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PwC needs until end of 2018 to check Steinhoff's books

28 March 2018 - 12:51 By Linda Ensor
Steinhoff office in Stellenbosch. File Photo.
Steinhoff office in Stellenbosch. File Photo.
Image: Steinhoff

Accounting firm PricewaterhouseCoopers is aiming to complete its investigation into allegations of accounting irregularities at global retailer Steinhoff by the end of the year.

However‚ the head of the firm's forensic arm in Africa Louis Strydom cautioned Wednesday that this timeframe could be shortened or even prolonged if obstacles were encountered.

Strydom appeared at a follow-up hearing on Steinhoff involving four parliamentary committees - finance‚ public accounts‚ public service and administration‚ and trade and industry.

He told MPs that PwC has assembled a team of more than 60 people globally to probe the allegations of accounting irregularities involving retailer Steinhoff‚ which has more 700 individual entities operating in 30 different jurisdictions.

Technical accounting‚ legal and IT specialists have been drawn into the investigation which also involves seven full-time partners‚ Strydom said.

Members of the Steinhoff executive management did not attend the hearing. Their legal representative Rob Dryman of Werksmans told MPs that all senior managers had to attend a managers' meeting in the UK this week to deliberate on future strategy and restructuring and to meet local and global vendors.

Dryman said the management board members who were acting in an interim capacity also felt that they had limited rights to represent Steinhoff shareholders and had no clear mandate to do so until the group's annual general meeting on April 20. They would hopefully be able to appear at a further parliamentary hearing on Steinhoff‚ scheduled for June.

Dryman also reiterated the concern of the Steinhoff management board members not to divulge price-sensitive information in the hearing nor to interfere with the criminal investigations underway.

Strydom told MPs that 14 'work streams' were involved in the investigation into the allegations of accounting irregularities. They were working parallel to each other to expedite the probe and would each submit their individual reports when their work was completed rather than wait for one final report of all workstream findings to be compiled.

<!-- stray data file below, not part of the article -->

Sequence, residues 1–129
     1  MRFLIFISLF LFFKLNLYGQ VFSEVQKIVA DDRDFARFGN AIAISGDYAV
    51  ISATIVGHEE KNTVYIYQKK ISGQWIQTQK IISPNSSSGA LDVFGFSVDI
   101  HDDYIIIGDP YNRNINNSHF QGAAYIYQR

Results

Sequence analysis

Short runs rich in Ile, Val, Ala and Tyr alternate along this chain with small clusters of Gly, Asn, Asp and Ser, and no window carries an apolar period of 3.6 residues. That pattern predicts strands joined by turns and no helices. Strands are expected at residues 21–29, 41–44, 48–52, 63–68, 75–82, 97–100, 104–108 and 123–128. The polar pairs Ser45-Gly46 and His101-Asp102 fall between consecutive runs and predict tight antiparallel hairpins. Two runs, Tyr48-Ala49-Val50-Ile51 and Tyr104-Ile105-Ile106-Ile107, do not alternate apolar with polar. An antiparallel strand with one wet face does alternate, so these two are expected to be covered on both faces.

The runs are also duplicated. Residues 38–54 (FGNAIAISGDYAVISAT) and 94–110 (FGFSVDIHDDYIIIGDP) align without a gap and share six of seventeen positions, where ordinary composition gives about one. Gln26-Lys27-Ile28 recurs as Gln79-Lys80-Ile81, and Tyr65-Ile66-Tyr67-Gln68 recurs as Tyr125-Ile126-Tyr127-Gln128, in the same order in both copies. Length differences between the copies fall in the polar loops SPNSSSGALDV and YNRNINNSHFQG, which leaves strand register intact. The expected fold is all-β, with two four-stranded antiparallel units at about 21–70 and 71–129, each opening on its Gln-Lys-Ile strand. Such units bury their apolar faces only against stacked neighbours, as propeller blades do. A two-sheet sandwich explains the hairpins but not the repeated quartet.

High-level reviews had been conducted to determine which of Steinhoff's operational units were not affected by the allegations. Four special high-level reviews had been completed into 39 entities. PwC was currently involved in a further 18 reviews involving 150 entities and also planned another six reviews. This work would assist the auditors to finalise their statutory audits.

Strydom said 3.3-million documents had been accumulated and 333 000 'hard' documents from senior executives' offices had been scanned and were being worked through. He said the PwC team was trying to complete its investigation as soon as possible.

No limitations had been placed by Steinhoff management on the scope of the investigation. Monthly reports were provided by each worksteam to the supervisory board‚ weekly feedbacks were given to the group's audit committee‚ two meetings a week were held with executive management on operational issues and regular contact was maintained with external auditor Deloitte.

Steinhoff has indicated that the 2015‚ 2016 and 2017 financial statements will have to be restated.

- BusinessLIVE 

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